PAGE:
No MeSH data available.


Related in: MedlinePlus

Maximum likelihood for DNA phylograms of selected Sarcocystidae and Coccidia. a The cox1 tree was constructed based on an alignment of partial cox1 gene sequences from eight Polish Sarcocystis tenella isolates and available cox1 gene sequences of related species deposited in the GenBank (a total of 375 sequences). b The ssu rRNA tree was constructed based on an alignment of nearly complete ssu rRNA gene sequences from eight Polish S. tenella isolates and available ssu rRNA gene sequences of related species deposited in the GenBank (a total 184 sequences). The trees were rooted with Eimeria spp. The values between the branches represent percent bootstrap value per 1000 replicates. Bootstrap values below 50 % are not shown. Polish isolates are marked in red. The GenBank accession numbers of all sequences used for construction of the trees are given in Table S1
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Related In: Results  -  Collection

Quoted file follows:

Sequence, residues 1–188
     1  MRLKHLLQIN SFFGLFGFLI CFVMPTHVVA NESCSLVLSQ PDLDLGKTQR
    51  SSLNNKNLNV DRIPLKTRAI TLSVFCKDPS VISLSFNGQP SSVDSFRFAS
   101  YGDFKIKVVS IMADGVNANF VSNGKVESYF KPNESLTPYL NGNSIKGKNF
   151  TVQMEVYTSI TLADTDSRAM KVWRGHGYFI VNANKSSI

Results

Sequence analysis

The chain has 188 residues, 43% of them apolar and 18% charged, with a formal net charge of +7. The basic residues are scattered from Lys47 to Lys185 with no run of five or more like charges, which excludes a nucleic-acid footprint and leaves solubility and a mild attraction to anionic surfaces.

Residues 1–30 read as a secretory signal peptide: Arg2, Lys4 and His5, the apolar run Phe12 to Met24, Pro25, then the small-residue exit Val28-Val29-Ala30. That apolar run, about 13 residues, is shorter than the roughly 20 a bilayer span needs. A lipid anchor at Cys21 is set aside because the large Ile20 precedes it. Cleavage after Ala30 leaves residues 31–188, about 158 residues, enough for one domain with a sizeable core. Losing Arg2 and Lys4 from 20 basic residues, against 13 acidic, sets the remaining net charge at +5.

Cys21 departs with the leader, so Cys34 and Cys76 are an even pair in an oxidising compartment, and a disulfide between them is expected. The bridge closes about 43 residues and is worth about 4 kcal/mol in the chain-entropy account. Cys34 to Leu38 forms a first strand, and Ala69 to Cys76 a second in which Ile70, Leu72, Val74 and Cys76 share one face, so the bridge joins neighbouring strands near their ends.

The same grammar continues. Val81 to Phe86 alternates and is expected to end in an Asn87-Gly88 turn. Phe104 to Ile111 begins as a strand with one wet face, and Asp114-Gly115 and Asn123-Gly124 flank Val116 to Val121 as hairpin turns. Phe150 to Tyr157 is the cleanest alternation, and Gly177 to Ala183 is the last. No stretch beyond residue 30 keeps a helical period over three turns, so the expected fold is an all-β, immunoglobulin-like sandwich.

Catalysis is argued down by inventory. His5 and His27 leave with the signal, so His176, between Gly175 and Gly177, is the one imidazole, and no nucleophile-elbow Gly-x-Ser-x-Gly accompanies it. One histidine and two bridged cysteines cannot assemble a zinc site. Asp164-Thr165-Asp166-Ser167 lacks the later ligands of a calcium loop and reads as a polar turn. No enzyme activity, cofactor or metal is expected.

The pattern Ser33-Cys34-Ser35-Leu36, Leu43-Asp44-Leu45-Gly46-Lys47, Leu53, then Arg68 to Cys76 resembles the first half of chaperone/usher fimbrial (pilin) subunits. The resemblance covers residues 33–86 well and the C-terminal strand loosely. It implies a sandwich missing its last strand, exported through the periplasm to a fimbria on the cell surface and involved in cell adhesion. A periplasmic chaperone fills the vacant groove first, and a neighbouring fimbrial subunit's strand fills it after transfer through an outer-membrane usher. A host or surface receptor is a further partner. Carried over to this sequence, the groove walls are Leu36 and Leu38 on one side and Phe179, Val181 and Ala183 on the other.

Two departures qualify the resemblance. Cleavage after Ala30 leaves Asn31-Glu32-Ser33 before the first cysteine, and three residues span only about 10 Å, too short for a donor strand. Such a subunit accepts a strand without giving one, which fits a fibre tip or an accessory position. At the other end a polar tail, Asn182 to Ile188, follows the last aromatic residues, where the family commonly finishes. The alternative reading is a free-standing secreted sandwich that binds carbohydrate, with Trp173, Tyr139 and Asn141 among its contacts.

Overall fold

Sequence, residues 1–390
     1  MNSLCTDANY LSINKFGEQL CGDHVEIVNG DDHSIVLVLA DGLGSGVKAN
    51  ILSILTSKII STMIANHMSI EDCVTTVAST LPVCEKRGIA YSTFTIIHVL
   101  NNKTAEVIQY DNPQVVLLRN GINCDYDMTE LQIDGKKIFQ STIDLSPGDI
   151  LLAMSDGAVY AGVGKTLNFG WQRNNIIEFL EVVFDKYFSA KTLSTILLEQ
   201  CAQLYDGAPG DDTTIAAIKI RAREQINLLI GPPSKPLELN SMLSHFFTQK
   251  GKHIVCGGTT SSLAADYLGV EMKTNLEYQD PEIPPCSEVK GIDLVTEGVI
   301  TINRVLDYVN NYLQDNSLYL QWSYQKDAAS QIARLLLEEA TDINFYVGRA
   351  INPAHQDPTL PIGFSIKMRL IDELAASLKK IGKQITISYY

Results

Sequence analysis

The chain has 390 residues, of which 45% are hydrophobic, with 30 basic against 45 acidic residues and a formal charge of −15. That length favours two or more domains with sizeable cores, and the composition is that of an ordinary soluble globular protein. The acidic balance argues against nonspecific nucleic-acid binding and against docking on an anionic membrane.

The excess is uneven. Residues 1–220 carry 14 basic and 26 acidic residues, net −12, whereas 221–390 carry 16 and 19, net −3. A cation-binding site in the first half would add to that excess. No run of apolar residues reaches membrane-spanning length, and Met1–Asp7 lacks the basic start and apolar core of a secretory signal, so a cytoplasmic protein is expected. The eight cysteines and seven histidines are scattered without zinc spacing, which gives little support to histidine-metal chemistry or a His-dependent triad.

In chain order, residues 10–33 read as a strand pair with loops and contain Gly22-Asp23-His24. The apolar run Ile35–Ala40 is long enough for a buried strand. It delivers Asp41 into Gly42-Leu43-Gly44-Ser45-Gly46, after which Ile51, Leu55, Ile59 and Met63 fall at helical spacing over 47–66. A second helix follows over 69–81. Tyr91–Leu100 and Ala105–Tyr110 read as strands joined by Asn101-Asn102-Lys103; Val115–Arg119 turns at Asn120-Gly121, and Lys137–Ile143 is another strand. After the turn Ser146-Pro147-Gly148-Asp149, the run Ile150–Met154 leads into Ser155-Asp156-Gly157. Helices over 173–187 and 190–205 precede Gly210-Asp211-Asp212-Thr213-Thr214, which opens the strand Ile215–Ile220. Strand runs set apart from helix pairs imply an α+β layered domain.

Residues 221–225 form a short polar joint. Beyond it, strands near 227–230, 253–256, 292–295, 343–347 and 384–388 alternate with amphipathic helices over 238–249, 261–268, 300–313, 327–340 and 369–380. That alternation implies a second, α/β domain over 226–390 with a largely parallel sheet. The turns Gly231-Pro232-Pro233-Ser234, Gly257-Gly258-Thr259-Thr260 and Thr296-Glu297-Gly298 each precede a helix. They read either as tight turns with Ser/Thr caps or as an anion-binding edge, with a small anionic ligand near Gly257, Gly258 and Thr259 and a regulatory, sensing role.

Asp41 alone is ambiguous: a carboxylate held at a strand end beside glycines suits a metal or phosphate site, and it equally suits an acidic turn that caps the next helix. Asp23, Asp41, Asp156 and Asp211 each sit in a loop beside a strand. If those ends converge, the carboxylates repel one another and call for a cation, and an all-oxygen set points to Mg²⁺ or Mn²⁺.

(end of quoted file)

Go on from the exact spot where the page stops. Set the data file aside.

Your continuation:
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Fig1: Maximum likelihood for DNA phylograms of selected Sarcocystidae and Coccidia. a The cox1 tree was constructed based on an alignment of partial cox1 gene sequences from eight Polish Sarcocystis tenella isolates and available cox1 gene sequences of related species deposited in the GenBank (a total of 375 sequences). b The ssu rRNA tree was constructed based on an alignment of nearly complete ssu rRNA gene sequences from eight Polish S. tenella isolates and available ssu rRNA gene sequences of related species deposited in the GenBank (a total 184 sequences). The trees were rooted with Eimeria spp. The values between the branches represent percent bootstrap value per 1000 replicates. Bootstrap values below 50 % are not shown. Polish isolates are marked in red. The GenBank accession numbers of all sequences used for construction of the trees are given in Table S1